Employer Law Report

Tag Archives: GINA

EEOC’s wellness rules to be finalized early 2016

The Equal Employment Opportunity Commission’s (EEOC) regulatory agenda indicated that it intends to finalize its two rules governing employer wellness programs under the Americans with Disabilities Act (ADA) and the Genetic Information Non-Discrimination Act (GINA) by February 2016. You can read about the proposed ADA changes here. The EEOC just recently published its proposal to amend the rules implementing GINA as they relate to employer wellness plans in late October, 2015. If adopted, these rules would allow an employer that offers a wellness program as part of a group health plan to provide limited financial and other incentives in …

Employer’s DNA test of employees in defecation investigation results in $2 million verdict for violating GINA while real “Poopetrator” remains on the loose

We would like to thank Adam Bennett, one of Porter Wright’s summer law clerks, for his significant contributions to this blog post.

If a recent federal court case is any sign of the times, employers should think twice before engaging in their own forensic crime scene style investigations of employee questionable behavior—even if the employee is suspected of repeatedly defecating in public areas of the workplace. Employers sometimes forget that the Genetic Information Nondiscrimination Act (GINA) prohibits requesting employee genetic information. Any improper request for employee genetic information is likely to lead to legal woes and a lot of dollars …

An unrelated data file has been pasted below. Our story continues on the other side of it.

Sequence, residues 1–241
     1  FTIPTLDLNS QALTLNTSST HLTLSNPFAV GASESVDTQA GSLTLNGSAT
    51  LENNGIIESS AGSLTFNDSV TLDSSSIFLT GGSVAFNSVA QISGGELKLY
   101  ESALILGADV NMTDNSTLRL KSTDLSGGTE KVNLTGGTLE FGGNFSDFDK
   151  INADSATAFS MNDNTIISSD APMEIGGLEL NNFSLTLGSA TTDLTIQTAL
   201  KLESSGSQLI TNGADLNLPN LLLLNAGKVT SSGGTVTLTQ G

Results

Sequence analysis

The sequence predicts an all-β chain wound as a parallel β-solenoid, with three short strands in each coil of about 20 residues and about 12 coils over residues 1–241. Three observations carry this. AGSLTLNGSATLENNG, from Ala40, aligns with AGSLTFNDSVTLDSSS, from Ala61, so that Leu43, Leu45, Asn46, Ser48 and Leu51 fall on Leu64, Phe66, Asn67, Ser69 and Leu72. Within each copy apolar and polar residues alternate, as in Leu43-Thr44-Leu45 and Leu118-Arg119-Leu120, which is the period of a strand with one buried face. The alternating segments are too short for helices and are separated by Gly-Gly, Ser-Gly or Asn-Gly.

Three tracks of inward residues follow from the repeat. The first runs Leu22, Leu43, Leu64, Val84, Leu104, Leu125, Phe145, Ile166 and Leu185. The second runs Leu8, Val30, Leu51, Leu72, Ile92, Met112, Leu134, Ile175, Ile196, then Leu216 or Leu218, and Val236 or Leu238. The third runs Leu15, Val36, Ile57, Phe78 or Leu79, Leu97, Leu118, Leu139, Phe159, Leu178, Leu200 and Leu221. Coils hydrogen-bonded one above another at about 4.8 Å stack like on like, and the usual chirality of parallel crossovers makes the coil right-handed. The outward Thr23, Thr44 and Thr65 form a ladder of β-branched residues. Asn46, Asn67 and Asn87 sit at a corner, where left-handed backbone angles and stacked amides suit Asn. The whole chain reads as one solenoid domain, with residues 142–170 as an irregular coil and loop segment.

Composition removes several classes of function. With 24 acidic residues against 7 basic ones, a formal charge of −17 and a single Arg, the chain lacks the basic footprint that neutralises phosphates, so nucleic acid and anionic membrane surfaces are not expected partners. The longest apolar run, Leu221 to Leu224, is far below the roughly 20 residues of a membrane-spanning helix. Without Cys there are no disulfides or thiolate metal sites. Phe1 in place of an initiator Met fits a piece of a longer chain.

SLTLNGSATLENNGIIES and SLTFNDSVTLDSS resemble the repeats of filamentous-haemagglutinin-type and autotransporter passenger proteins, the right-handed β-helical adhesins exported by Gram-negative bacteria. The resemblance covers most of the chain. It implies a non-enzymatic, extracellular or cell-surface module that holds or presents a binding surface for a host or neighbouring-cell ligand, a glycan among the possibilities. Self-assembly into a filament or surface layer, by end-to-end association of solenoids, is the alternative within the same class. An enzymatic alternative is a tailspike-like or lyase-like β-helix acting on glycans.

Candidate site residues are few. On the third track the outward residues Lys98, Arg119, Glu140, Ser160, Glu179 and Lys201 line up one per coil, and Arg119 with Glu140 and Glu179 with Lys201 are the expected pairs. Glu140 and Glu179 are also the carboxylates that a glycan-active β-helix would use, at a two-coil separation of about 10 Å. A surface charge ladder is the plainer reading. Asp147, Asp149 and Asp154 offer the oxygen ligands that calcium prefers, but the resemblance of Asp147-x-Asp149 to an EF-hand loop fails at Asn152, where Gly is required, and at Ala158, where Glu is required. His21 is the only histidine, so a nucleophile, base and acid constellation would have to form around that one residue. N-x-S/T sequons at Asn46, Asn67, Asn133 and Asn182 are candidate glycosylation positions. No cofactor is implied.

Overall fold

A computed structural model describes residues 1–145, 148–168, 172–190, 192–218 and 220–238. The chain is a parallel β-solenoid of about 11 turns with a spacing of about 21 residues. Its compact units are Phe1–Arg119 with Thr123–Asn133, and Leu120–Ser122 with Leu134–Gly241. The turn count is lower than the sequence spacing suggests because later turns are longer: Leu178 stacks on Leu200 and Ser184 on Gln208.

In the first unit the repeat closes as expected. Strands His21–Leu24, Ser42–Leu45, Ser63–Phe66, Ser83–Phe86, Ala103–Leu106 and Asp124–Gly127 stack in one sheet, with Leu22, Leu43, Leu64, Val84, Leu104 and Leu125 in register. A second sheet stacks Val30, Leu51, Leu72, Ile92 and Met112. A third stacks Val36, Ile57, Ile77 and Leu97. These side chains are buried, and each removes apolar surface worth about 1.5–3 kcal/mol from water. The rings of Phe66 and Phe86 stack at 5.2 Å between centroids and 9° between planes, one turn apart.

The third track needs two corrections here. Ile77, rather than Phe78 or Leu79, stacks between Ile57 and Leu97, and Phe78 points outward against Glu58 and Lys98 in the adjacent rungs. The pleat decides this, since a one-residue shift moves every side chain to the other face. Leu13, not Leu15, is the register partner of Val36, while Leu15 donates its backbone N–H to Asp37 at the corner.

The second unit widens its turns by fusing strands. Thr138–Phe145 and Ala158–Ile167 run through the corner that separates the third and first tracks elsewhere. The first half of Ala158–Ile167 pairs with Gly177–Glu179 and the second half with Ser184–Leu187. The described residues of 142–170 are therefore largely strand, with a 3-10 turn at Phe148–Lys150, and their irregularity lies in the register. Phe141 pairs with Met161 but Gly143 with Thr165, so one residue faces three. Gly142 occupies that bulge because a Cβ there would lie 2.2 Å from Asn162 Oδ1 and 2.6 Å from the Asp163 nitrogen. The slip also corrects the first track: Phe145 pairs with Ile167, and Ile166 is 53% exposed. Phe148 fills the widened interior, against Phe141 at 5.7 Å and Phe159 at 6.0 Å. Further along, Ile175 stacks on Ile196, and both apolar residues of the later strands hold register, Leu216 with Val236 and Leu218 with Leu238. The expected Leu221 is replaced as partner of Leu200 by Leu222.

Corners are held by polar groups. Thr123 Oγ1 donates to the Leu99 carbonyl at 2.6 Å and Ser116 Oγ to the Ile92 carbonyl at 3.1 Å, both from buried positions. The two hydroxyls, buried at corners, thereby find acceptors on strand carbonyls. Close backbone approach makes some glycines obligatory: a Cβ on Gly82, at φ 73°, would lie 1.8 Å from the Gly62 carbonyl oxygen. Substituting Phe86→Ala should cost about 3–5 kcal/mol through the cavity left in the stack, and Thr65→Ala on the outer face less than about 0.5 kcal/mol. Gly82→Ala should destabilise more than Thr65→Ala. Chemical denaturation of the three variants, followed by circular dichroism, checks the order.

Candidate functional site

Availability of alzheimer’s blood test underscores employer need to maintain confidentiality of protected health information

Recent media accounts (e.g. this report  — Blood Test Predicts Alzheimer’s Disease — by CNN ) suggest that medical researchers have discovered a blood test that will help identify whether people are likely to develop Alzheimer’s Disease in their lifetime with 90% accuracy. So far, the test only has been conducted on individuals who are over 70 years old, but researchers will begin seeing whether these promising results can be obtained on people in their 40’s and 50’s. These research findings are obviously welcome news, but raise many questions assuming the test becomes more universally available. Not the …

USDOL FMLA Forms Have “Expired”

We have been receiving questions lately from clients and friends regarding the continued validity of the Department of Labor’s FMLA forms that we posted here. The Department has requested approval for the renewal of these forms from the federal Office of Management and Budget. In the meantime, employers may continue to use these forms. In order to comply with the Genetic Information NonDiscrimination Act ("GINA"), however, employers should also send a note to the healthcare provider that includes the following safe harbor language recommended by the EEOC:

"The Genetic Information Nondiscrimination Act of 2008 (GINA) prohibits employers and other …

EEOC Charges Rise Significantly in 2010

According to statistics released by the Equal Employment Opportunity Commission (“EEOC”) earlier this week, the Agency received over 7% more charges in 2010 than it did the previous year—99,922 as compared to 93,277.  Indeed, the number of charges filed were up in every category.  The FY 2010 enforcement and litigation statistics, which include trend data, are available online here.